Remarks at the Presentation Ceremony for the Young American Medals for Bravery and Service

 

November 13, 1987

 

Attorney General Meese, Director Sessions, distinguished guests: Welcome to the White House. We're here today to honor some very special young Americans: the winners of the 1985 and 1986 Young American Medals for Bravery and Service.

 

A few years ago, it was fashionable in the media and the universities to say that America had no more heroes. Heroism was a thing of the past, we were told, as old and dry as a fossil in Death Valley. Fashions often run together, and this one galloped side by side with the death-of-God vogue. I seem to remember that the argument was that if God was dead nothing anyone could do was important enough to be called heroic. Well, I've never believed that either God or American heroism was dead.

 

This land of freedom was built, and is still being built, by men and women who, without chroniclers, without heralds, have brought a warrior's courage to the challenges of everyday life. America is a land of heroes.

 

Today we honor six young Americans who have shown the physical, moral, or intellectual courage, yes, the selflessness and concern for others that we call heroism. I thought I'd tell you something about each one of them.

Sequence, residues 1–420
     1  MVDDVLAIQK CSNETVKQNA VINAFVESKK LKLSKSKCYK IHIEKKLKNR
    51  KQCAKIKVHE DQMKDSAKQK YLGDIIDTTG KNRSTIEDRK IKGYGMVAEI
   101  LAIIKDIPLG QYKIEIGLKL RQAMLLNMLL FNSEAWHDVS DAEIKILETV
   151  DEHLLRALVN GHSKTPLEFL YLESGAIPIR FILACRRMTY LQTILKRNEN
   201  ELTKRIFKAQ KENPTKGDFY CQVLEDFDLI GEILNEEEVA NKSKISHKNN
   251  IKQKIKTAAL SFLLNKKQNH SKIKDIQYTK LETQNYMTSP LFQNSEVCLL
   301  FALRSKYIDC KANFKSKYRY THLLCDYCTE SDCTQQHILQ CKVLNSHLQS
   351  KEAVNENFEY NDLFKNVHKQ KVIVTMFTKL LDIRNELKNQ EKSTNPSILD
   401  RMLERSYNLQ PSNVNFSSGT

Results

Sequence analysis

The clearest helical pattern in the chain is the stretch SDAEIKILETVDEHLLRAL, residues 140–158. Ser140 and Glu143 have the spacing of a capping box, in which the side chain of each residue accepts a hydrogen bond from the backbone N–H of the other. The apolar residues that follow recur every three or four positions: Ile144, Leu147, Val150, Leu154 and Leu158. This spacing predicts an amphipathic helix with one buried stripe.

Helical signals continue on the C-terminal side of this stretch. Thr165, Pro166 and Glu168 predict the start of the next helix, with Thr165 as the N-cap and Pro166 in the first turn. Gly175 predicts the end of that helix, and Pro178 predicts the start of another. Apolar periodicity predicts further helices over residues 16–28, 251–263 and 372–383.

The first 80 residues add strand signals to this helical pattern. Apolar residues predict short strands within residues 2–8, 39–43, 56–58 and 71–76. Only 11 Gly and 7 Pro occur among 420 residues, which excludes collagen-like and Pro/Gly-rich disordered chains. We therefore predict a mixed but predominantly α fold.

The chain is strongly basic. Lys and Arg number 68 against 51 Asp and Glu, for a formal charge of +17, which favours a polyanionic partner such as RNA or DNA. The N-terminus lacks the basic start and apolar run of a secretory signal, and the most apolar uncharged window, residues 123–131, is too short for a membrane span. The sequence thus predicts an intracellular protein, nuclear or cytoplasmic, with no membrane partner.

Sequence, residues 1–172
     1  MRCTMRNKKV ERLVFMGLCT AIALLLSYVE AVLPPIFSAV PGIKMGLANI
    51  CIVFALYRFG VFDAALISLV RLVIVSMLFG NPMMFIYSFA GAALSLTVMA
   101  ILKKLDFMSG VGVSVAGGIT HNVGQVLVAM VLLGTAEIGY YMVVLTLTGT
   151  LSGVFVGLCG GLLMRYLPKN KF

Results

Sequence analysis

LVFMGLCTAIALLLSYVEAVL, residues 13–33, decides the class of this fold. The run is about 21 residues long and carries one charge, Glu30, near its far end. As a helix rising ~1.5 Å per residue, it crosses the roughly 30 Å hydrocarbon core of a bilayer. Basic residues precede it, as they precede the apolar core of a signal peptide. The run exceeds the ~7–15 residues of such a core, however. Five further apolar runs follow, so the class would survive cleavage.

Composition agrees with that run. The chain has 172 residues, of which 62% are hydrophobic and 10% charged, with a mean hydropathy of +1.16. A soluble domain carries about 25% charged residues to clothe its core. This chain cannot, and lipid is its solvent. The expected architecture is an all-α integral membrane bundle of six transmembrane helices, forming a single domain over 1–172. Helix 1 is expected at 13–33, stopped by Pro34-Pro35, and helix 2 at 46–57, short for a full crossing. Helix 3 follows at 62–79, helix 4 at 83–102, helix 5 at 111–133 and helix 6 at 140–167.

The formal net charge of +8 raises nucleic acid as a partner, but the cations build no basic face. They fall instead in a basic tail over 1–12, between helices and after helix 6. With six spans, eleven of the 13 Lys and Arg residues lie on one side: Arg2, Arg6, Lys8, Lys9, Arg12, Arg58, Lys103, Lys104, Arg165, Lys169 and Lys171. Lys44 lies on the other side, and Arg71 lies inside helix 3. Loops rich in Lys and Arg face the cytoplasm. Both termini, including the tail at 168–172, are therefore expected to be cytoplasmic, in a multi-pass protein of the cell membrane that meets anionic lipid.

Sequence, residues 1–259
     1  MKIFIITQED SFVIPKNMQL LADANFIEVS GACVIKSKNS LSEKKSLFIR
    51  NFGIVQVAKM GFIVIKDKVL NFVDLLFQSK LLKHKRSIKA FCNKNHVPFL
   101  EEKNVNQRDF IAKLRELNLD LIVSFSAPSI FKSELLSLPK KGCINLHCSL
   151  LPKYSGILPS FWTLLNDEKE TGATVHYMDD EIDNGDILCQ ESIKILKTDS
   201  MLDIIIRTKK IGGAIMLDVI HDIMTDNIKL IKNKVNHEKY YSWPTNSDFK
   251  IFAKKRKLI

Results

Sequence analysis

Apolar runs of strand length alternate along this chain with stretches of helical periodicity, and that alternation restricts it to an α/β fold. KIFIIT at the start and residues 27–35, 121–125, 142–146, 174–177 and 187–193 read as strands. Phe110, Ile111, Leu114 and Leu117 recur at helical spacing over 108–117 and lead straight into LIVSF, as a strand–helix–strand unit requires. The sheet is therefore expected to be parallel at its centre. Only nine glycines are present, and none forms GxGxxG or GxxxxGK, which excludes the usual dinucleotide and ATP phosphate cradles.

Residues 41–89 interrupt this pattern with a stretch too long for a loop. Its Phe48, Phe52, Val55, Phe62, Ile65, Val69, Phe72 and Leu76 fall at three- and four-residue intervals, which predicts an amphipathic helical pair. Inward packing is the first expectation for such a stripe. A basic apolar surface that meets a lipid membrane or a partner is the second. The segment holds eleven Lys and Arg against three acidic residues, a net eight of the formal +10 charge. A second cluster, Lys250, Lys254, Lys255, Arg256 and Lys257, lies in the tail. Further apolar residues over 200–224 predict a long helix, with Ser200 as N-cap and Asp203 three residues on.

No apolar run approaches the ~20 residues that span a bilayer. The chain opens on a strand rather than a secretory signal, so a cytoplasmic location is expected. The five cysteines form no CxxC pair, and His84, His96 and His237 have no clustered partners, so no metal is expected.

I mentioned moral courage -- taking a stand out of the ordinary because that's what you believe is right. Linda Warsaw has that kind of courage. When Linda was 11, she began volunteering with her mother at the San Bernardino County Victim-Witness Advocacy Program. Files that passed through her hands were like a window for her into the criminal justice system. Soon she was attending trials. Much of what she saw -- child abuse cases, criminals going unpunished -- she didn't like. She conceived of an anticrime organization that would be run by and for children. Started 2 years ago when Linda was 13, Kids Against Crime now teaches hundreds of children and adults in southern California communities how to protect themselves against molesters and others who may prey on them.

 

Moral courage -- that's also why Carla Swanson has been asked here today. Carla organized the Just Say No club at her high school in Warwick, Rhode Island. She also directs a program to promote the idea that it's okay not to drink. These haven't always been popular causes at school. One of Carla's advisers has said, ``She is a fish going upstream, and everyone says she's going the wrong way.'' Her adviser adds, Carla's ``direction and intention are clear, and she is succeeding.''

 

Angel Rafael Guerra-Torres has another kind of courage -- intellectual courage -- the courage to pursue a new idea, to think in new ways, not to be bound by conventional wisdom. Angel developed, as a science fair project, an experiment to demonstrate how the growth of a type of cancer cell could be inhibited by broccoli. This experiment won him first place in the medical health category of the 37th International Science and Engineering Fair. Angel's prizes include an invitation to represent Puerto Rican youth at the Nobel Prize ceremonies in Sweden.